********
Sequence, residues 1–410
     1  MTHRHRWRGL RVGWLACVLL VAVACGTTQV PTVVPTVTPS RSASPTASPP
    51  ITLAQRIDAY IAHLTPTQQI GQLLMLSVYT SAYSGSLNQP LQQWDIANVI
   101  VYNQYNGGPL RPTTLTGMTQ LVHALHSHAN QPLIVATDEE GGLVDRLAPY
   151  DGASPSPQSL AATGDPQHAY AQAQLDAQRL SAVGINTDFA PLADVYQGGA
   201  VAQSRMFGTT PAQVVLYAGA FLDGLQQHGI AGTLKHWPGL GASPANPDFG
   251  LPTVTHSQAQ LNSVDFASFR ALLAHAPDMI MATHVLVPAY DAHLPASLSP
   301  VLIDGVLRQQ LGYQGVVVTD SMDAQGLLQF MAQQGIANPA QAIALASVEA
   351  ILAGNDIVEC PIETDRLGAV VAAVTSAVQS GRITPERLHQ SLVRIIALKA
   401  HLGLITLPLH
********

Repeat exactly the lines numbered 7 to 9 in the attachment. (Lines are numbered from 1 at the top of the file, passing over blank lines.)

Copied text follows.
   251  LPTVTHSQAQ LNSVDFASFR ALLAHAPDMI MATHVLVPAY DAHLPASLSP
   301  VLIDGVLRQQ LGYQGVVVTD SMDAQGLLQF MAQQGIANPA QAIALASVEA
   351  ILAGNDIVEC PIETDRLGAV VAAVTSAVQS GRITPERLHQ SLVRIIALKA